Hurricane Matthew’s route changes leave some wondering how to prepare is your source for free news and information in the Wilmington area.

Boats in the Intracoastal Waterway in Wrightsville beach were lifted out of the water in preparation for Hurricane Matthew. Photo by Hannah Leyva.
Boats in the Intracoastal Waterway in Wrightsville beach were lifted out of the water in preparation for Hurricane Matthew. (Photo by Hannah Leyva.)

WRIGHTSVILLE BEACH — In Wrightsville Beach, boats and other watercraft were being lifted out of the water and taken away Wednesday morning in preparation for Hurricane Matthew’s expected arrival this weekend.

But the storm’s unpredictable path is making it hard for some to fully prepare. On Tuesday, Matthew hit the countries of Haiti and Cuba as a Category 4 hurricane that was tracking northward toward North Carolina. On Wednesday morning, predictions had changed, with some showing a more easterly track with Matthew moving offshore before getting to the Wilmington area.

“We’ve ordered all the wood and stuff we need to board everything up. We’ve moved inventory off the floor and put it up higher in case of flooding, and I bought industrial bins to store things in,” said Jeff DeGroote, owner of South End Surf Shop. “But we’re going to wait another 24 hours before we actually do anything.”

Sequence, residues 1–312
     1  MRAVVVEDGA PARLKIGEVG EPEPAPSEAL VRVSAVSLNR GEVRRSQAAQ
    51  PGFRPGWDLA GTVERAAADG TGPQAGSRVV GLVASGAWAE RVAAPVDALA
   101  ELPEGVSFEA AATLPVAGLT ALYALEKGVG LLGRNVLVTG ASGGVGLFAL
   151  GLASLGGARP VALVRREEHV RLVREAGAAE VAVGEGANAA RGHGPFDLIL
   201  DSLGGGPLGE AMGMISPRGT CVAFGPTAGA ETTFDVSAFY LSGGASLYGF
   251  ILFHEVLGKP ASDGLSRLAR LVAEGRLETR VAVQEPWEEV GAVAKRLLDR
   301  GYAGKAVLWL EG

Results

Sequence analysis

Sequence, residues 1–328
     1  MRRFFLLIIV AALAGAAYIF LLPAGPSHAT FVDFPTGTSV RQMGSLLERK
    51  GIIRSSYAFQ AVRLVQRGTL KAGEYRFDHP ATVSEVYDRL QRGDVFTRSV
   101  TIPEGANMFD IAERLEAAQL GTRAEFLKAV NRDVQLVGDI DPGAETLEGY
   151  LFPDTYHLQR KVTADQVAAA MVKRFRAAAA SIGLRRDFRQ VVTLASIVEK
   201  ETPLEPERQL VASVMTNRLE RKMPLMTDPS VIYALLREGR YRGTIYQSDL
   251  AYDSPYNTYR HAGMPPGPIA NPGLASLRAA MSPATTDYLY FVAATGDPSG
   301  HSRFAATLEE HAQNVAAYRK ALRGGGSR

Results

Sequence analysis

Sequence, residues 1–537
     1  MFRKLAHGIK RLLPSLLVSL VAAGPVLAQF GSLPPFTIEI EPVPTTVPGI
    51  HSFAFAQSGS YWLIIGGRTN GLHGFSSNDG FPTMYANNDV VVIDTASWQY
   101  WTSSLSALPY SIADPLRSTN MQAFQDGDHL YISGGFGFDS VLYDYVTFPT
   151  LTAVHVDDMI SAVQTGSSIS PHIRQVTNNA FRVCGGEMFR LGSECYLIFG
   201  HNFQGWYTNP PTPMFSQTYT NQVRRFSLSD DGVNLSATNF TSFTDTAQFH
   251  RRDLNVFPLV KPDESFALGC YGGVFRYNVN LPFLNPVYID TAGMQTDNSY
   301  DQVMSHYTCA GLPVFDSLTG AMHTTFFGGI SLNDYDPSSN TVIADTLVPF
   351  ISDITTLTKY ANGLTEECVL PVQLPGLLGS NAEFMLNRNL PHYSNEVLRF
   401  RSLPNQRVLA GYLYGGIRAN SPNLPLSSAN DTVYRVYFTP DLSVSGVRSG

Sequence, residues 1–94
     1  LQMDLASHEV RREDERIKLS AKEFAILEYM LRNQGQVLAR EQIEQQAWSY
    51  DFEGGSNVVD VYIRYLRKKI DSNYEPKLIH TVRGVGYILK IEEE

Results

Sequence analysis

After looking at another potential storm track that showed Matthew looping back down into Florida, DeGroote added, “I mean, how can you prepare when it looks like that?”

In their 7:30 briefing on Wednesday morning, the National Weather Service office in Wilmington said there was potential for an “a typical track.”

“This is likely a result of a trough lifting away sooner than expected thus influencing the track of the hurricane,” the briefing stated. “As a result, potential impacts are expected at the end of the week; however, they have been adjusted to account for the eastward shift. A lot of uncertainty exists with the track and the subsequent level of impacts so please do not let your guard down as the track could change.”

Under the latest forecasts, the storm’s closest expected approach to southeastern North Carolina is on Saturday and Saturday night, according to the NWS Wilmington, with potential impacts (mostly in the form of rainfall) beginning late Friday.

Hurricane Matthew is currently heading toward the Bahamas as a Category 3 storm.

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